The Twenty-first Sunday in Ordinary Time at St Peter, St William & St Elizabeth Seton Churches in Naples, FL

The Twenty-first Sunday in Ordinary Time

26 August 2018 at Saint Peter the Apostle, St. Willian & Elizabeth Seton Churches in Naples, FL

Joshua 24, 1-2 & 15-18 + Psalm 34 + Ephesians 5, 21-32 + John 6, 60-69

Now with our final Sunday in John’s sixth chapter, a crisis arises. Given what has been said earlier, it should not come as a surprise to discover that being a disciple of Jesus is more than casually looking for him and eating what he gives. Remember that this is how this crowd came together. They saw a miracle with loaves and fish and they have come looking for Jesus the next day so that they could be fed bread again. Discipleship with Jesus is not casually looking for him and enjoying some physical blessings. It is not about being close and faithful when you want something or feel grateful. It is also about staying close when things go crazy and we don’t understand the how and why of what happens at bad times or times of trial or disappointment. For these people, it is okay when he fed them and healed them. But it was not okay when he told them what to do. Jesus expects faith, obedience, and trust in him in the face of difficulty. He is the only answer for our lives. When the things of this world mean more to us than Jesus, these Gospel verses are about us.  When anything else is more important than being here around this altar, Jesus has something to say to us.

The Gospel and Discipleship with Jesus demands a change in lifestyle and it is uncomfortable. Once those followers realized that following Jesus was going to be more than social networking among friends they began to think twice. Once they acknowledge Jesus as the Holy One of God who has the words of everlasting life there is a truth that must either be ignored or accepted. For many it is easier to ignore it and stay in their comfort zone. Once we meet Jesus face to face, we either have to live as he has taught us or get out. There are no other options.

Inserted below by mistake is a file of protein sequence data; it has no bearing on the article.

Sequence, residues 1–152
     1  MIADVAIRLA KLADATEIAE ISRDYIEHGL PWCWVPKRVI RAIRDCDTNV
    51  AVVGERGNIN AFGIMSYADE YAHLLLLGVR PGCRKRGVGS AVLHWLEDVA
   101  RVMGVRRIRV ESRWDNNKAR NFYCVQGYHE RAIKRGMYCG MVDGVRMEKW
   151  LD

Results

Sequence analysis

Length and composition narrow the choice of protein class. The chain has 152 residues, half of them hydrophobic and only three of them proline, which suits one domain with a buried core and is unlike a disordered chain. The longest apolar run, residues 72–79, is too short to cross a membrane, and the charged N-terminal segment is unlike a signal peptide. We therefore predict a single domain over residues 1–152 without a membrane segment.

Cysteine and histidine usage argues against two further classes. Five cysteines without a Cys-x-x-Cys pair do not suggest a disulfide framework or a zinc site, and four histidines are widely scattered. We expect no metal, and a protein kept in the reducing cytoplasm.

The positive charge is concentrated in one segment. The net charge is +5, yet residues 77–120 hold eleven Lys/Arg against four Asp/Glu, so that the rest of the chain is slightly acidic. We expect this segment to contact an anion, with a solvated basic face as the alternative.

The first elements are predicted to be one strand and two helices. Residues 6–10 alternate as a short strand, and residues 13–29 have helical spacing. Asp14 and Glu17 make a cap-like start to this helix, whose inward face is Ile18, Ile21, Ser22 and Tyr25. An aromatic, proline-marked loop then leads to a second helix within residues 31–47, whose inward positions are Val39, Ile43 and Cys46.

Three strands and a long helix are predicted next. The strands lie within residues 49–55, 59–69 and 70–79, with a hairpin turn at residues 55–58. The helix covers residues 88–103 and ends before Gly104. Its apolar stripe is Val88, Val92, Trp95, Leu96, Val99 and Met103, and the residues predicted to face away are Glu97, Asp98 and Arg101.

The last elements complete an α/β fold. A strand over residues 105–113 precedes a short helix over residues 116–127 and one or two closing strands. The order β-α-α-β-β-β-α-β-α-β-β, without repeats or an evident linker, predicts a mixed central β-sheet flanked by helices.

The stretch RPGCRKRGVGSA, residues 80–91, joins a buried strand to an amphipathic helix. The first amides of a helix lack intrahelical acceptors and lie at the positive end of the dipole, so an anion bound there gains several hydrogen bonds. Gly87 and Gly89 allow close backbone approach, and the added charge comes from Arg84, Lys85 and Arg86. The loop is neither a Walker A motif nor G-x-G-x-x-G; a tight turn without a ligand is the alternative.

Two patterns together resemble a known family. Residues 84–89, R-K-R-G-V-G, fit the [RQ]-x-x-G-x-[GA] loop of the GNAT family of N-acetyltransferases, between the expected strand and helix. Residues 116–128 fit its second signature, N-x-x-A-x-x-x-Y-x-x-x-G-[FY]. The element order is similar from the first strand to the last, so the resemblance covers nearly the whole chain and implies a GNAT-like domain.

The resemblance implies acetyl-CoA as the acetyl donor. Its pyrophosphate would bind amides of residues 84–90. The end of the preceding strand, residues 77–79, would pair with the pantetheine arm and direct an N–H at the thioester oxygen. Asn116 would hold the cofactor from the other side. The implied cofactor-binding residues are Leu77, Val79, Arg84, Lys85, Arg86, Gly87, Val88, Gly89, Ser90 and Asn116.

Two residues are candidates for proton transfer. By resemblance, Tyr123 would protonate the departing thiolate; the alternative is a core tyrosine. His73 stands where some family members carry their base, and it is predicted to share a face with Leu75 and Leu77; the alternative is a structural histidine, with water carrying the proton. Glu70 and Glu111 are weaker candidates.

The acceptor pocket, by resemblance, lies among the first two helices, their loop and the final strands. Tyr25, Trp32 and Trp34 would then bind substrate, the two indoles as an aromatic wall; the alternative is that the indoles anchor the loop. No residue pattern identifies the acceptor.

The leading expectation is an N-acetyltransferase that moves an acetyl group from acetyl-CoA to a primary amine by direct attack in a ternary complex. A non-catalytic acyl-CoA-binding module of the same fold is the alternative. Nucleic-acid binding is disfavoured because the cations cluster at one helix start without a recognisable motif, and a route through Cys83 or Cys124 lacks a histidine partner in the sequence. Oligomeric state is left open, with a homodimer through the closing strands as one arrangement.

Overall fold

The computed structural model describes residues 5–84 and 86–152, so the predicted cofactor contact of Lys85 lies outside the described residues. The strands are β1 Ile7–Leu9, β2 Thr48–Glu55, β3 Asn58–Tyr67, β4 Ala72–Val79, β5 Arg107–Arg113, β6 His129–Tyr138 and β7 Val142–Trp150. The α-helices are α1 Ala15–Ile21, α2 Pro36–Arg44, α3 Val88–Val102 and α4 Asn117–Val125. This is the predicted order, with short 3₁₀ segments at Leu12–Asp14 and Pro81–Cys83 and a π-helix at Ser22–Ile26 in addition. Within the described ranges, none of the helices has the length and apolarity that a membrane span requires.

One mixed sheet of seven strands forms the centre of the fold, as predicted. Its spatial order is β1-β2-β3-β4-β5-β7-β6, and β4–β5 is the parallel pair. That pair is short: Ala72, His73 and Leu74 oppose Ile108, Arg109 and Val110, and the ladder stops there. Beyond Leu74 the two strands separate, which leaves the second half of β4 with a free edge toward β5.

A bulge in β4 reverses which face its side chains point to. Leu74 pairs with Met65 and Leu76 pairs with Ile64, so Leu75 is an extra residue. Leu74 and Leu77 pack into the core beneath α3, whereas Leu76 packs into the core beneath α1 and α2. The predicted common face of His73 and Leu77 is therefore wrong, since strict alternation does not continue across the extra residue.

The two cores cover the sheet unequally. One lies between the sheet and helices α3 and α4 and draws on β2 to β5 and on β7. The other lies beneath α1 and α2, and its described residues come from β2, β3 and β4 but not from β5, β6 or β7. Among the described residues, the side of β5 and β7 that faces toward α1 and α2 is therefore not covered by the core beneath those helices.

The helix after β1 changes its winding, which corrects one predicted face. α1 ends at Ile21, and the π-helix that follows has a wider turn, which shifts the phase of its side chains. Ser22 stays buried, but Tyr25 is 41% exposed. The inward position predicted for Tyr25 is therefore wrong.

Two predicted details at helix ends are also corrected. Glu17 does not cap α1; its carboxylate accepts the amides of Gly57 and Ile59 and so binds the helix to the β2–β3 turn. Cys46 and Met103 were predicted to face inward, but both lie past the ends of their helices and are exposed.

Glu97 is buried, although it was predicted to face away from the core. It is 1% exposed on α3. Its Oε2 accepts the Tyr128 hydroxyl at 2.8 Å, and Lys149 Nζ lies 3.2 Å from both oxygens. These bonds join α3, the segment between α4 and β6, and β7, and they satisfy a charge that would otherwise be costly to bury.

This is what makes it so difficult to live the Gospel in this world. We cannot accept violence of any kind. We stand for the protection of all life from conception to natural death.  Execution is not a natural death. We are compelled to work on behalf of the poor and vulnerable. We are expected to welcome strangers. We live lives of mercy and forgiveness, and inclusively welcome everyone regardless of who they are and what they believe. We subordinate ourselves to God and do everything we can to live our lives on God’s terms not our own. We protect this earth, all its creatures, and creation itself as faithful stewards, and we cannot deny that out planet has suffered at our hands. We are called to be humble and walk with justice, promote peace, be poor in spirit and maintain a pure heart.

Regardless of our political views on any of these things, the Gospel view remains unshaken and unquestionable, and that’s a tall order that causes to some walk away and they still do. We may be tempted to walk with them from time to time, or we might try compromising the Gospel by suggesting that Jesus “didn’t really mean that.” The Gospel is always the truth, and it cannot be watered down. Once we embrace that truth, we can say with Peter, “Where else can we go?” The Holy One of God speaks in this place now in this liturgy.

If we know there is no other place to go, and no one else speaks the truth, we look again at our personal lives and ask how closely they reflect the values and ideals of God’s Kingdom. We prioritize our lives so that we give due time and attention to those things that truly matter. We can change destructive and distorted patterns of thinking and begin to see all people as unique and valued children of God. When we do, we will silence those who deaminize others to justify taking their children or turning away those who have nothing to give us. And, just as we make time for exercise and for friends, we can develop a strong life of prayer that keeps us centered and focused and spiritually healthy nurturing in our relationship with God. So, the question he asks then he is still asking: “Are with me or are you just going to go your own way.”

Father Tom Boyer